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90 Percent of Euro-Area Banks Are Out of Step with Paris Goals. How Can They Get on Track?

A new ECB report shows where attention is needed by Euro-area banks to manage climate risk and decarbonize their lending portfolios.

In a landmark report published earlier this month, the European Central Bank (ECB) analyzed how the portfolios of 95 Euro-area banks (who together provide 75 percent of Euro-area lending) align with global climate goals. The report uses RMI’s open-source Paris Agreement Capital Transition Assessment (PACTA) approach to assess how exposed Euro-area banking institutions may be to climate transition risk, and which underlying sectors need the most attention to decarbonize. The findings offer critical insights on the underlying transition risk factors in the EU — and how forward-looking, capex-based metrics can be used to help evaluate and plan to mitigate them.

Risk exposed: Most banks’ lending portfolios do not match stated climate goals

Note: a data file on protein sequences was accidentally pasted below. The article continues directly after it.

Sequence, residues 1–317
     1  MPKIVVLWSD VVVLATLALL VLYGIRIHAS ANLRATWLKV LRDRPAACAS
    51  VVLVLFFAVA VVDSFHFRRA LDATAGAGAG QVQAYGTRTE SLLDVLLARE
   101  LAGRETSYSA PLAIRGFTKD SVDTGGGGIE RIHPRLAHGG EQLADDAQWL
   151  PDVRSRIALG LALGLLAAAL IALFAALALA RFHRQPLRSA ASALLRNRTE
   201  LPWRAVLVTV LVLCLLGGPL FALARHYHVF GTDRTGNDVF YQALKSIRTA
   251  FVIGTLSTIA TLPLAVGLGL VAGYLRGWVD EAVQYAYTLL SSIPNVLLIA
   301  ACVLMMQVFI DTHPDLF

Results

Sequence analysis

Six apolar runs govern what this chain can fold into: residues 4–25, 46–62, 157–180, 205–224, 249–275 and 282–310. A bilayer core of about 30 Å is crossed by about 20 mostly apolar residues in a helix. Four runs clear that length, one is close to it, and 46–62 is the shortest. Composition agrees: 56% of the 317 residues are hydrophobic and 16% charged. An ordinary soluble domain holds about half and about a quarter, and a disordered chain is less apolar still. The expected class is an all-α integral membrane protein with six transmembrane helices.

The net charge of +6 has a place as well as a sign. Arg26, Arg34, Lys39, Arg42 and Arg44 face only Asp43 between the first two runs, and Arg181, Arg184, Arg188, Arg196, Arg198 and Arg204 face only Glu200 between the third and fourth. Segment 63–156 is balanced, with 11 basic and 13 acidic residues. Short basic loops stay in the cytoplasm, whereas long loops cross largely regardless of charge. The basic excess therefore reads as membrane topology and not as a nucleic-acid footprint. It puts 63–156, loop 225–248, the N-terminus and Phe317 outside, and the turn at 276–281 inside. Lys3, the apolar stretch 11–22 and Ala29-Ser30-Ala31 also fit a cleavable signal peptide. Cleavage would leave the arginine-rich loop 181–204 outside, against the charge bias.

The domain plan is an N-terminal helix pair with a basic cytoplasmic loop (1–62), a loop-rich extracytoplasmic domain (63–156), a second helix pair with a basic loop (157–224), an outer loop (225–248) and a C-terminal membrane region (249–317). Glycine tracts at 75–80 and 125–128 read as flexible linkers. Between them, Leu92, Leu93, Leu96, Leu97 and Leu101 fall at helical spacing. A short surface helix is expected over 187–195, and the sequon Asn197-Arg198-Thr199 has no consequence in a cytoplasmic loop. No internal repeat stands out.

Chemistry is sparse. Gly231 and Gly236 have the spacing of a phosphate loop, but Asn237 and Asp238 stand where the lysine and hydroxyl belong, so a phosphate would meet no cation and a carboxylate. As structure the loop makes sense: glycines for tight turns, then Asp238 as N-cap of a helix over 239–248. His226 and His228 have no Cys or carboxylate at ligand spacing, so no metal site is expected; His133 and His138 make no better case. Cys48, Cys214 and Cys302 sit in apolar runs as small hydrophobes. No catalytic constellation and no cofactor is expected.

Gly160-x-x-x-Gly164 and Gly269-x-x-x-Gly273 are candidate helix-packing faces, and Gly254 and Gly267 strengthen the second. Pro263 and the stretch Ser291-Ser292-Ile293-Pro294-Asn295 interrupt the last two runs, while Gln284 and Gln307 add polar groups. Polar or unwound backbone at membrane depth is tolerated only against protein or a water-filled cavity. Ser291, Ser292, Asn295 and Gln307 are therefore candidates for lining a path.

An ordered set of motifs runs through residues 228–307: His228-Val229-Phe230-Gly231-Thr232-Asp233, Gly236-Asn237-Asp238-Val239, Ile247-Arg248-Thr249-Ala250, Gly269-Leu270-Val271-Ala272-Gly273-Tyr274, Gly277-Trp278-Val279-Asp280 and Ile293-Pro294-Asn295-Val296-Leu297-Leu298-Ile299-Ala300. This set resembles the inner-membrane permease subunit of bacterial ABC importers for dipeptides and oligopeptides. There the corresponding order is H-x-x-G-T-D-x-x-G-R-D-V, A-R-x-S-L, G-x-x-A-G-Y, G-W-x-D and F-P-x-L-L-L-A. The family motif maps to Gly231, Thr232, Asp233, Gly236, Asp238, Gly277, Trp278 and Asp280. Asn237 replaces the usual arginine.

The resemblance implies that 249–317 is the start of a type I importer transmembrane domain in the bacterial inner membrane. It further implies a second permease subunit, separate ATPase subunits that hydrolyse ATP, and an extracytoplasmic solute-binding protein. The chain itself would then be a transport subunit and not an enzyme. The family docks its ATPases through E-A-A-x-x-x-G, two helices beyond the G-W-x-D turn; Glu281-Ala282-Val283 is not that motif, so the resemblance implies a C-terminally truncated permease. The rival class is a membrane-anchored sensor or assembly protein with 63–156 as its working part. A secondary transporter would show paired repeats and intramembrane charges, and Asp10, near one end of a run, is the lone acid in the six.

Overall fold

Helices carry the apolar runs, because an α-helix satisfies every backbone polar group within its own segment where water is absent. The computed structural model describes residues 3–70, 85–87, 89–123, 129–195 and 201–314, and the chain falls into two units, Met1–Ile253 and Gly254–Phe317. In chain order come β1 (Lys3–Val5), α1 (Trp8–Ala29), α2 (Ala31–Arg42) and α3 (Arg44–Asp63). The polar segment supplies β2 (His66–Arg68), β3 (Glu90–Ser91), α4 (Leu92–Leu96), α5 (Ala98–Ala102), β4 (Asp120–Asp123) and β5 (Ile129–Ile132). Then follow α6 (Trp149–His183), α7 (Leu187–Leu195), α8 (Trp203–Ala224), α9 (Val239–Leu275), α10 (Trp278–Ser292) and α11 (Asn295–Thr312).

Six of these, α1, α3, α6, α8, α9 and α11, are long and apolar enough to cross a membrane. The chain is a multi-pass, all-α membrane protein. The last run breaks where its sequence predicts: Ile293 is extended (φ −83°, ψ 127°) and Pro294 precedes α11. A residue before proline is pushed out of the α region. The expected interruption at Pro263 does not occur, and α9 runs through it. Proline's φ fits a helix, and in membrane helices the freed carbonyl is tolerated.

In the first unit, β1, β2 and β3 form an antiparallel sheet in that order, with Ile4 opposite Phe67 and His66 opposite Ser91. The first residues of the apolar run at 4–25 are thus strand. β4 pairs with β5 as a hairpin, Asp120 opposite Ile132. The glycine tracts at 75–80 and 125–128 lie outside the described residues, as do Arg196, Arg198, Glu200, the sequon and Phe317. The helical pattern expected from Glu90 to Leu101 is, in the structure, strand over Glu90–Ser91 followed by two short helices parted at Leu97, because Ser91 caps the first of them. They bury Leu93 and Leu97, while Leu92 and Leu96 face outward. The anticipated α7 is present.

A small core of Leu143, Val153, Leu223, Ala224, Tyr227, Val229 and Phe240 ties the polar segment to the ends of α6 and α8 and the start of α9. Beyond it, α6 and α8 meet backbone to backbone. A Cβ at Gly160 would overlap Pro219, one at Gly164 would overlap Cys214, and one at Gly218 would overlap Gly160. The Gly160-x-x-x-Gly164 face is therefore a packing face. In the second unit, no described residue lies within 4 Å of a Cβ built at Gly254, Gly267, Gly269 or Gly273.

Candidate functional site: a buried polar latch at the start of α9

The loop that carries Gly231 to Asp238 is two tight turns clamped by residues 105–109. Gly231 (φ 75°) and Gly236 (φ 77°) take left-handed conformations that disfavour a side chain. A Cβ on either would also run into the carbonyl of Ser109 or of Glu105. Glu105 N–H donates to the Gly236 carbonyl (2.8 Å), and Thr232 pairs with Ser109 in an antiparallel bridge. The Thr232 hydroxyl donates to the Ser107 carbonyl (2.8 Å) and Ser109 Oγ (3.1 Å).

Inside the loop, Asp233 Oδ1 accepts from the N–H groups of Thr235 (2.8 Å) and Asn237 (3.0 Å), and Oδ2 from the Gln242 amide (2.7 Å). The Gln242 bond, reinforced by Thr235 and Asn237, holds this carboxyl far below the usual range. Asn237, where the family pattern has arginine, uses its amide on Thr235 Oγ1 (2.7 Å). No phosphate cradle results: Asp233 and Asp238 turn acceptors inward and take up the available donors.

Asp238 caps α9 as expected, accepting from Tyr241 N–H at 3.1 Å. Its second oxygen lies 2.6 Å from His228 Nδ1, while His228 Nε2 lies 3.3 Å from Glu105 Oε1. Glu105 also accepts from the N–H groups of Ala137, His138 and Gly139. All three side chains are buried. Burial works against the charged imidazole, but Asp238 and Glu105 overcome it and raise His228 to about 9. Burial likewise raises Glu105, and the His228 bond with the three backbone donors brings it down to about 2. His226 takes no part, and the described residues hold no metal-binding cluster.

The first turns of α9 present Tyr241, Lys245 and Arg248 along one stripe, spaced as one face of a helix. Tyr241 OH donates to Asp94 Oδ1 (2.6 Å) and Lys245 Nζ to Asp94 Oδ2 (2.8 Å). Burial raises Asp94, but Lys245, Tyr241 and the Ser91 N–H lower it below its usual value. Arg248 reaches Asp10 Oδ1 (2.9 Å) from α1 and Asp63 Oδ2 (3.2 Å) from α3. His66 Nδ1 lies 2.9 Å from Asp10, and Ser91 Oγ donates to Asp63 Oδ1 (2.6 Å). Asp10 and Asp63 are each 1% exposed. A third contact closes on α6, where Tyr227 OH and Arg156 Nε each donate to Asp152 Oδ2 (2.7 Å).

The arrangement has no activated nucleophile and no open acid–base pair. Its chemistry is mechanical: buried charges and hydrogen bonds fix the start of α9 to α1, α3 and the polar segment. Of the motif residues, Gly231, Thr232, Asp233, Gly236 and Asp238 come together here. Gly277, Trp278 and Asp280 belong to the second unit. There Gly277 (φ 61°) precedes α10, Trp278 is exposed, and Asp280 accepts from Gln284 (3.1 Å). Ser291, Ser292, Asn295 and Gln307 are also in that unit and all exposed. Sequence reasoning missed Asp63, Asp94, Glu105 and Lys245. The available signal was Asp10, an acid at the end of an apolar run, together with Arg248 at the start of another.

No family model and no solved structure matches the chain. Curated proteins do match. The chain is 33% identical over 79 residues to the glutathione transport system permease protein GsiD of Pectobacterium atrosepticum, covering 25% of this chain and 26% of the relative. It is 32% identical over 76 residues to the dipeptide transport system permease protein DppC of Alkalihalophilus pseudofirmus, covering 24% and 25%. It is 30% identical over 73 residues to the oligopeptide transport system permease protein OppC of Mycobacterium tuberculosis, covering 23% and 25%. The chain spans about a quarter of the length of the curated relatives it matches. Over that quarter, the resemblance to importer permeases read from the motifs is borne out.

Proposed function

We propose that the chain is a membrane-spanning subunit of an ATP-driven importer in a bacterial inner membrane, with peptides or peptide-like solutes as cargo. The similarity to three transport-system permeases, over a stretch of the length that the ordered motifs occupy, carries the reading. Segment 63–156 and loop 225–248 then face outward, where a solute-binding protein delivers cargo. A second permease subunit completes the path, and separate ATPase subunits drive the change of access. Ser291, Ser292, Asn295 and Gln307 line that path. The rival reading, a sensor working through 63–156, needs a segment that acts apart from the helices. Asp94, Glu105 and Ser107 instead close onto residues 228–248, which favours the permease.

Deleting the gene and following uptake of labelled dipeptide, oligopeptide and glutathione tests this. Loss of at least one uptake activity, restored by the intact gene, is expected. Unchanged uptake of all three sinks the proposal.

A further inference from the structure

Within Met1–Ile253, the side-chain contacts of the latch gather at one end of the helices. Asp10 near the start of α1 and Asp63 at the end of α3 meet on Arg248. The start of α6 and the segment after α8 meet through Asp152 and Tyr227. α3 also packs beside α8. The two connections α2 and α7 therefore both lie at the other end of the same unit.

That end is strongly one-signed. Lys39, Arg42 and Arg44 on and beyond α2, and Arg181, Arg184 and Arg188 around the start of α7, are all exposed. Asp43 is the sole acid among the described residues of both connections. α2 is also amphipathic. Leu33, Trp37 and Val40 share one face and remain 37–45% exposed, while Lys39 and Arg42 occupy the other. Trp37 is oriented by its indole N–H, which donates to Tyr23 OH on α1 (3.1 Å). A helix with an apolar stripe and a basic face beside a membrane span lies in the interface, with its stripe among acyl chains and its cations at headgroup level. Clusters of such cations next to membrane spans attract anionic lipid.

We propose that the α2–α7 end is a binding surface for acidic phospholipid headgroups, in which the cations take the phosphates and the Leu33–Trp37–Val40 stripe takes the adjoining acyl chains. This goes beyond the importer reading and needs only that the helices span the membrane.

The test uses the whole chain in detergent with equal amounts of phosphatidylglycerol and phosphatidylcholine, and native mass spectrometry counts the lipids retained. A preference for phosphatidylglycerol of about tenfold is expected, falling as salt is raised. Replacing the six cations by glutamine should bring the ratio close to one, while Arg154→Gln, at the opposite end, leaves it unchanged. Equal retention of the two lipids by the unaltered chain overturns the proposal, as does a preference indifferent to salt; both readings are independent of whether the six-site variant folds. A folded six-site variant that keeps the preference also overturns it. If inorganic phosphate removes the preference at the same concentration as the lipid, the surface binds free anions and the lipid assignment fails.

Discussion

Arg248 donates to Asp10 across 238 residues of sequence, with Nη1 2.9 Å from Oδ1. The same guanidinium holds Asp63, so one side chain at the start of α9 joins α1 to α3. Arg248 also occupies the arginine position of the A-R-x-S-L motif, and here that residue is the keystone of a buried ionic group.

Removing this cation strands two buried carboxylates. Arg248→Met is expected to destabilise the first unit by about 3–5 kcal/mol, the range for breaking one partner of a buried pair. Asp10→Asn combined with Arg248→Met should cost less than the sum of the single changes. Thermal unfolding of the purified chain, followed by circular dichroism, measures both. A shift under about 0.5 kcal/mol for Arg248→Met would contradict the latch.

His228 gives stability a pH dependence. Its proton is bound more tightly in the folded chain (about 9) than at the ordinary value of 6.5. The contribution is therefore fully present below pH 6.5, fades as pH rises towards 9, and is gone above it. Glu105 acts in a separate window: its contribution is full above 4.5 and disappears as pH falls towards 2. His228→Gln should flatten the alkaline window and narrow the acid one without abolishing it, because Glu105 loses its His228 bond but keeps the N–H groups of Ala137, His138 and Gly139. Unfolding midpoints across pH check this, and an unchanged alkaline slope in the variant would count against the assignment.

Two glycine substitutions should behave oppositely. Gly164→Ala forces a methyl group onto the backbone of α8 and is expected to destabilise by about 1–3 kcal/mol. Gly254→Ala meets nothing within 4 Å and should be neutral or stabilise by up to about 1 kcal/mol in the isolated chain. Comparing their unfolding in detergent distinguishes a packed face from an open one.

The ECB’s analysis of 95 Euro-area banks found that approximately 90 percent are misaligned with the goals of the Paris Agreement. Misalignment with climate pledges can expose financial institutions to significant risk as policy and market conditions increasingly reflect climate realities. For example, when carbon-intensive borrowers face carbon pricing, regulatory restrictions, or shifting consumer preferences, they can become less competitive against peers and more prone to default on loans.

The ECB report also shows that 70 percent of Euro-area banks’ stated climate commitments did not add up to the alignment of their corporate lending portfolio. The ECB suggests that this gap between performance and commitments could expose companies and financial institutions to litigation risks.

The analysis identifies that transition risk exposure mainly stems from the delayed phase-down plans for fossil fuel technologies in the automotive and power sectors combined with the slow planned build-out of renewable capacity. Build-out of electric vehicle production offers a bright spot for alignment. 

The ECB analysis used PACTA to assess the climate alignment and associated transition risks for six key sectors, including fossil fuel production and sectors whose end use of fossil fuels together accounts for around 70 percent of CO2 emissions: power generation, automotive, steel, and cement. Transition risks arising from climate misalignment in these sectors may come from plans to build out climate solutions too slowly, and/or from phasing down high-carbon technologies too slowly.